- Working with labels who have better systems in place than our own. At Loöq we have great systems in place for reporting on revenue and paying artists (royalty statements and payments). We have pretty good systems in place for delivering content, working with talented remixers, creating art, communicating with our fan base, using social media and podcasts to promote releases, and generating music licensing opportunities. On the other hand, we don’t have good systems in place for creating music videos, effectively getting press coverage for our releases, and a few other areas. There is always room for improvement. If we had released music on other labels, we might have reaped rewards from labels who had great systems in place in areas where we didn’t. This is similar to the point above, but even more important. A good system usually trumps the efforts of talented individuals, especially in the long-term.
Music labels provide advantages to artists, including A&R, promotion, wide distribution, and status. SoundCloud and BandCamp are great options for self-releasing your music, but there aren’t any big names in the music industry who ONLY release on those platforms, even though they could be keeping 100% of their profits if they did.
If I had it to do over again, I would have tried to stick to the hybrid model that worked pretty well from 1995-2005. Part of the issue was that for the last decade I wasn’t really thinking about my music production career — I was too busy running Loöq Records (label guy hat), and then later being a dad (and earning the additional money that requires, by taking on more freelance work). And of course writing, both this blog and fiction. I was still squeezing in music production here and there, but I didn’t take the time to think about it strategically. Self-publishing was the path of least resistance, and I took it.
So what are the takeaways? Going forward, I’ll still release some of my own music on Loöq, but I’d also like to start sending out original work to other labels. Why not? If you’re still in the game, it’s never to late to change strategies. In addition to my daily writing practice, I have an almost-daily studio practice (usually about an hour in the evening that would otherwise be absorbed by videogames or television). Music production is no longer a singular obsessive focus (I’m a multi-class character, and I’m OK with it), but I still have more grooves I want to share with the world.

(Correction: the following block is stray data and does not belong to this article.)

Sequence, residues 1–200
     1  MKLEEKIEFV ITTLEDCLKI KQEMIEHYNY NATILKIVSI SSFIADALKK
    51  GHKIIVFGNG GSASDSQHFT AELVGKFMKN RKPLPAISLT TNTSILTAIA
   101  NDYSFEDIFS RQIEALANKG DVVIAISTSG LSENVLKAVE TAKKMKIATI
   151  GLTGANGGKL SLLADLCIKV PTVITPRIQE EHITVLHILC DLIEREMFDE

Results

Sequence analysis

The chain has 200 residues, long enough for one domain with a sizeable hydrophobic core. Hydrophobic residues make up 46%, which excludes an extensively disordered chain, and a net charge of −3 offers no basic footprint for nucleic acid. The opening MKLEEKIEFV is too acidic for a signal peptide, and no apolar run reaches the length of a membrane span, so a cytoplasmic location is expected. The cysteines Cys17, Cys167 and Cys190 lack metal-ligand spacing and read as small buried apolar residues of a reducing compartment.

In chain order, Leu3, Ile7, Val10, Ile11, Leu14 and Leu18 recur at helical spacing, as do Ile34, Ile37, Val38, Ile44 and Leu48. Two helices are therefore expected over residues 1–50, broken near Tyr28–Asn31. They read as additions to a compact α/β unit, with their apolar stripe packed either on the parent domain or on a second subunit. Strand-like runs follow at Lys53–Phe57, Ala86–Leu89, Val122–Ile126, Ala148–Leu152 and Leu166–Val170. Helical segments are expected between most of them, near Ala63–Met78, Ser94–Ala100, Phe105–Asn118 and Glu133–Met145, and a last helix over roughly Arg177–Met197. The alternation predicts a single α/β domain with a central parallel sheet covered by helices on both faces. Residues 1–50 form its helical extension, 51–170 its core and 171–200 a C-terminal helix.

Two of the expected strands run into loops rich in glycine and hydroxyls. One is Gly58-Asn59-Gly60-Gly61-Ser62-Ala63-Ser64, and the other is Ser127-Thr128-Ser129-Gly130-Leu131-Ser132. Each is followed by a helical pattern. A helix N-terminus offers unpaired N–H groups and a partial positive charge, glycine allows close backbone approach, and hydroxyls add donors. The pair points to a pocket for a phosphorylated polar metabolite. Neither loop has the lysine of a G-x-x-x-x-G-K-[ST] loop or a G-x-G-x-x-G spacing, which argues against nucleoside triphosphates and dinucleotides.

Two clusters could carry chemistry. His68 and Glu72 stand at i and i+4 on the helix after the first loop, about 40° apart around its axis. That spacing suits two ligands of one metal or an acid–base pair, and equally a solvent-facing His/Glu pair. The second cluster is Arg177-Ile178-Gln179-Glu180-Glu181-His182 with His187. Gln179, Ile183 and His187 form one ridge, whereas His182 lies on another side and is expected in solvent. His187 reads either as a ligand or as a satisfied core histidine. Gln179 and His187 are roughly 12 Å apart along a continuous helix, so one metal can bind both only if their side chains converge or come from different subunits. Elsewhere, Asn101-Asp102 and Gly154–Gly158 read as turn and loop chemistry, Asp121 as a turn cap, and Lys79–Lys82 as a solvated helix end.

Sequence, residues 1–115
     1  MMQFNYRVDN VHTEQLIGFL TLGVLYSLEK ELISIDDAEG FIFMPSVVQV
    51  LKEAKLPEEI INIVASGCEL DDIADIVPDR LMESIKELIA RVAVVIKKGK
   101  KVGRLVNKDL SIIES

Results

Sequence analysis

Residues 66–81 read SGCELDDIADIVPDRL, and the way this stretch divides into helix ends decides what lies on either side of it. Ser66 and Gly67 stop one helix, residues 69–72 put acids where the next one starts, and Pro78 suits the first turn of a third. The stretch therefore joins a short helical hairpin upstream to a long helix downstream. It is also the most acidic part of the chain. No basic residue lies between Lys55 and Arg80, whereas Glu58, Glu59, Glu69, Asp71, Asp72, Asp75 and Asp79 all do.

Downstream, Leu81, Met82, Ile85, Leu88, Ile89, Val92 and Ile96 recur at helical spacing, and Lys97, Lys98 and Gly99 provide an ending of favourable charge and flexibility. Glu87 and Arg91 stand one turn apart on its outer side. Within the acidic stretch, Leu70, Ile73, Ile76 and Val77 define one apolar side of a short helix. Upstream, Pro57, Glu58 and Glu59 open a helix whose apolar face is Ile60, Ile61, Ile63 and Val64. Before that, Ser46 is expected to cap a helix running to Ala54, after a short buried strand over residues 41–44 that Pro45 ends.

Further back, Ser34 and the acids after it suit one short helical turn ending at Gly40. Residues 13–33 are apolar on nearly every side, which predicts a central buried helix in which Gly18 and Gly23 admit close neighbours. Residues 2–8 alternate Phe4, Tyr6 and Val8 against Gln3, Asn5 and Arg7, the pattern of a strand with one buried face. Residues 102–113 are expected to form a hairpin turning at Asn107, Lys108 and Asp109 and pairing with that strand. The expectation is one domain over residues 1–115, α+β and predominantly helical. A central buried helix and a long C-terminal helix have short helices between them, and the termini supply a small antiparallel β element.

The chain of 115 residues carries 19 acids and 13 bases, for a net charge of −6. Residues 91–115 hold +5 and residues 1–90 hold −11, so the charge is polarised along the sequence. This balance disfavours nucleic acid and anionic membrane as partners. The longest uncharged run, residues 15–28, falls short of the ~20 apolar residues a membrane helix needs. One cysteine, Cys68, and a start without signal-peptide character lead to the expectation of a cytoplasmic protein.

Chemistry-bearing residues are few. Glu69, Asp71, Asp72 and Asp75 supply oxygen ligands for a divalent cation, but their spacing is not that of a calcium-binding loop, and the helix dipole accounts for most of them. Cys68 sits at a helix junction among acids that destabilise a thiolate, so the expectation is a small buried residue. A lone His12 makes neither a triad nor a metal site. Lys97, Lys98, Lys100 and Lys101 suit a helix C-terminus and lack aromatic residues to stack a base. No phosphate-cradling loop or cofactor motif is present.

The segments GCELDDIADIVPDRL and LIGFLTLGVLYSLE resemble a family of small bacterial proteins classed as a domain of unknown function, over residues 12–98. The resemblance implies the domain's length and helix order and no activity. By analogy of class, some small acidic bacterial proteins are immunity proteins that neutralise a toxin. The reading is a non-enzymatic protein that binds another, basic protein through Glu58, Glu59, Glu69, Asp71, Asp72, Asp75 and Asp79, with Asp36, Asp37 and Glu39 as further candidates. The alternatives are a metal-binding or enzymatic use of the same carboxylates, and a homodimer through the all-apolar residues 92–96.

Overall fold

In terms of my fiction writing ambitions, I’m still visualizing a hybrid model for the long-term. I’d like to be traditionally published first (and I will have some good news to share on that front soon), and then eventually expand into self-publishing (and I will be closely reading advice written by Hugh Howey, Chuck Wendig, Kameron Hurley, and others who have written about that path). But I don’t want to repeat the same mistake I made in my music career, which is to shift exclusively to self-publishing, even if it turns out to be easy and profitable.
In terms of writing income, hybrid authors (those who engage in both traditional and self-publishing) do the best. Here’s the chart, borrowed from this post:
One clarification — I have NO regrets about starting Loöq Records. It’s empowering to have a venue to release your own music. Loöq has introduced us to artists from over twenty different countries. The label is profitable almost every year, and has allowed us to retain the majority of our rights. We’ve generated at least a million dollars of licensing, sales, and event revenue over the years.
My only regret is staying too much in my comfort zone, and not risking rejection more!